Many practices, maybe even yours, were quick to adopt telehealth visits in 2020 due to the pandemic. It was a hurdle, but a necessary one to jump in order to drive practice visits, lower the risk of transmission, and to continue providing care to patients. Now, as our country begins to “move past” the pandemic with more and more individuals receiving vaccinations… what does this mean for telehealth? Does virtual care still hold a spot in practices? What value does telehealth provide in a practice setting? We answer all of that, and more, below.
Telehealth Before the Pandemic & Now
Prior to the pandemic there were MANY restrictions on the usage of telehealth for providers and patients. To put this into perspective, before 2020 it is estimated that only 15,000 Medicare beneficiaries took part in virtual care. After some of these restrictions were lifted in order to reduce people gathering and limit exposure risk, that number grew substantially reaching 24.5 million enrollees. Now, outside of Medicare beneficiaries, those covered by private insurance companies also increased tenfold by up to 3,000%.
While the numbers alone tell us how vital telehealth was during the pandemic, it was widely used due to lack of restrictions and necessity during a public health emergency. At the moment, restrictions regarding telehealth are still lax and it is hard to say when they will be more stringent. This could cause a real drop off in usage across the healthcare industry, but it is unlikely that the solution will go away. Due to its convenience, accessibility, and the opportunity for practices to access new revenue streams, telehealth is likely to stick around.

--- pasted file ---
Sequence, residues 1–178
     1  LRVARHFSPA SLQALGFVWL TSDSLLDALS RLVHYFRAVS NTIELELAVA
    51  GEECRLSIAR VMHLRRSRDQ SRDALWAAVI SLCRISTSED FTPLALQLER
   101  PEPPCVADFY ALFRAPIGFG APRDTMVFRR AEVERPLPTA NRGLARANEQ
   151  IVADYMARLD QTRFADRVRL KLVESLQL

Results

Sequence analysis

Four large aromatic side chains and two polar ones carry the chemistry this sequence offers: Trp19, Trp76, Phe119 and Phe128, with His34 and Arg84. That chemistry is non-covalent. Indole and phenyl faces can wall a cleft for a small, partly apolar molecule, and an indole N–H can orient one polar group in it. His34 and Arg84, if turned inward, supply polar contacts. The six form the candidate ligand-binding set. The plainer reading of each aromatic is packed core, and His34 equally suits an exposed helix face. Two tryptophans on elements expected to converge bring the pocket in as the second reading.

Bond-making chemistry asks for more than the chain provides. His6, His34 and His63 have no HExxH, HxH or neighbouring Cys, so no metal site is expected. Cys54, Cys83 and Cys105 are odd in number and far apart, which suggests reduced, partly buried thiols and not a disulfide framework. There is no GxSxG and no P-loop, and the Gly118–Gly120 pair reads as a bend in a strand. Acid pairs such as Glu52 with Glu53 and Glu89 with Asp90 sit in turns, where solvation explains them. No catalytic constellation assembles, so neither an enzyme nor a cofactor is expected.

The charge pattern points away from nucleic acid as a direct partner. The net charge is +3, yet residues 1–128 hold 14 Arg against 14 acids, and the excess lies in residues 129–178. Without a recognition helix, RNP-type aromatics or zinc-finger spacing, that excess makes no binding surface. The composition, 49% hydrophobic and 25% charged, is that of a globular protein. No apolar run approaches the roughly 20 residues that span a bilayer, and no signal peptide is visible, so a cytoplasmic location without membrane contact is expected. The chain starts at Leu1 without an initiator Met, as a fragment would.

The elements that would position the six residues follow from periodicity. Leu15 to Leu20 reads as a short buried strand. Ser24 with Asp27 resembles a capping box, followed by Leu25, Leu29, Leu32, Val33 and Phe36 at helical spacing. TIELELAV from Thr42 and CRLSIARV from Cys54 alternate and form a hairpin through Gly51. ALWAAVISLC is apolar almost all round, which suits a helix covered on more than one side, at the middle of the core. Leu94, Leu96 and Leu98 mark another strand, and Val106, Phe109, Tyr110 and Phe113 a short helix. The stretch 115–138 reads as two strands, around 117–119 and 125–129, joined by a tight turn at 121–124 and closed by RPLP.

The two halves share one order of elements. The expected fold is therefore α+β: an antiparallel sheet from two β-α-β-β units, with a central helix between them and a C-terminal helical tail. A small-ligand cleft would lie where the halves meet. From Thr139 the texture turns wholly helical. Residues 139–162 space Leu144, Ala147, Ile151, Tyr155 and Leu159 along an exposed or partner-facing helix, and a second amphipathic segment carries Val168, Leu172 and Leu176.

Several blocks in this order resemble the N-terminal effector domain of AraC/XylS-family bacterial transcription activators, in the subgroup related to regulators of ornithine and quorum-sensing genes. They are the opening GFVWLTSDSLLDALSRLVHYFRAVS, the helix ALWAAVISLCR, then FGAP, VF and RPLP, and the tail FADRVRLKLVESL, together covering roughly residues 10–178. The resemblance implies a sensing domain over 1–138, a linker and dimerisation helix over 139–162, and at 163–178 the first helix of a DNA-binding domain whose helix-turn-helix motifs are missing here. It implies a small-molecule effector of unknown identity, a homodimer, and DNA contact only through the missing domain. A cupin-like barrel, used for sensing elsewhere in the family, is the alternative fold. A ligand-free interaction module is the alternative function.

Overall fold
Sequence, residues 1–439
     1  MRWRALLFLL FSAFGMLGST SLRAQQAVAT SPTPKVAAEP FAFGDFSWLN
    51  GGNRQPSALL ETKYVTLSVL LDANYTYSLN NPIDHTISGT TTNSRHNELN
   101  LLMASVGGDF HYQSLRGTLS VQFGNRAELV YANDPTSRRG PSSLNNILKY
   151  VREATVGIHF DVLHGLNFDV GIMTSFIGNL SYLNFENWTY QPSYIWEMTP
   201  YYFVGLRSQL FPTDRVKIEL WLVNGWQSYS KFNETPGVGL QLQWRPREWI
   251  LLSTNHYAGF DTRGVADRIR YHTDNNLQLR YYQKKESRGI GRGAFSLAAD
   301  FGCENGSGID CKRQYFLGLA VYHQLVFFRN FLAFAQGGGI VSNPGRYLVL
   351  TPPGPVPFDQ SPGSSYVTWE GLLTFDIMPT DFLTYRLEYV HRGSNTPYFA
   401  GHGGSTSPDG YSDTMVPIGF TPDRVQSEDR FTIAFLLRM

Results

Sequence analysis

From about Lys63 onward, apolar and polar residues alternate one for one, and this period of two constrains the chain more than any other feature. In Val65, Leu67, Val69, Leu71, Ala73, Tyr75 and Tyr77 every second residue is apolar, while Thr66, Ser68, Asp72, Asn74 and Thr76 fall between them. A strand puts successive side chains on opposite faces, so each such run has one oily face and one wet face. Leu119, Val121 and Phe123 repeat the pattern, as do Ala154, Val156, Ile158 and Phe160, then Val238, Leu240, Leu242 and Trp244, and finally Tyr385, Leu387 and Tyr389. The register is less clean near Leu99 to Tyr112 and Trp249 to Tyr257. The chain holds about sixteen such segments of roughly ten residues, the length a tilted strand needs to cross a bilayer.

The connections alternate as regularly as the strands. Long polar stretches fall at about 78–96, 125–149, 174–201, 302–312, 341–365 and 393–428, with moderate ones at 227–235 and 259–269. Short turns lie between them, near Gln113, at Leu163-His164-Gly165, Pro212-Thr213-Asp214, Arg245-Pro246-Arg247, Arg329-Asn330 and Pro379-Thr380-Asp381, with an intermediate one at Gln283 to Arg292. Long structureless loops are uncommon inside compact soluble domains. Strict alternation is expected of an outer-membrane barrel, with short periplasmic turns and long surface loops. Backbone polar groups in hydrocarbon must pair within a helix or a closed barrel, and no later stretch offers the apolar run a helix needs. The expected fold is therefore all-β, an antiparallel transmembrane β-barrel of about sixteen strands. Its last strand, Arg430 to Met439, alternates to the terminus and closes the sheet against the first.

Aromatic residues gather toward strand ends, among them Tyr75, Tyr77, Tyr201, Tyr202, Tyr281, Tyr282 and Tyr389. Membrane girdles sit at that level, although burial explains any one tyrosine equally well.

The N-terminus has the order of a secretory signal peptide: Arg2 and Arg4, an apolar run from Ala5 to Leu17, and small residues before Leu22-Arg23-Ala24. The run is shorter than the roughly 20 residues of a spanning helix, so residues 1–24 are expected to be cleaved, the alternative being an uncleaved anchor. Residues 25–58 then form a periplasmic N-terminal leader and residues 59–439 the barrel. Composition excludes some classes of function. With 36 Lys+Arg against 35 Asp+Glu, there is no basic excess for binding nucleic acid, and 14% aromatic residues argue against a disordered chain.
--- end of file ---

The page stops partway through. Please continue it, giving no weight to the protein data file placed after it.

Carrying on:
What value does virtual care hold in a practice setting?
While patients are widely able to reenter their provider’s waiting room, it can’t be ignored that telehealth still offers broader access to care than standard office visits. With the United States experiencing a physician shortage in many specialties, like behavioral health, being able to provide care remotely enables a provider to reach more patients wherever they are.
Virtual care can also provide value in the following ways to practices…
- Reduces cost of overhead as doctors can now efficiently provide care outside of the office
- Patients do not need to be in the waiting room which eliminates cost of cleaning, providing chairs/magazines, etc.
- Improve patient satisfaction by enabling them to receive care without leaving their home
- Virtual care also saves them money in gas or the hassle of finding transportation if they don’t have their own
- Boost practice efficiency by improving clinical workflows
This is not an exhaustive list and clearly the most noteworthy during 2020 was the ability to limit the spread of diseases/illnesses. Now that we are in 2021 and vaccines are widely available, how does virtual care continue to drive practice value? The same way it did in 2020. Telehealth is still a valuable tool for practices and provides the SAME benefits.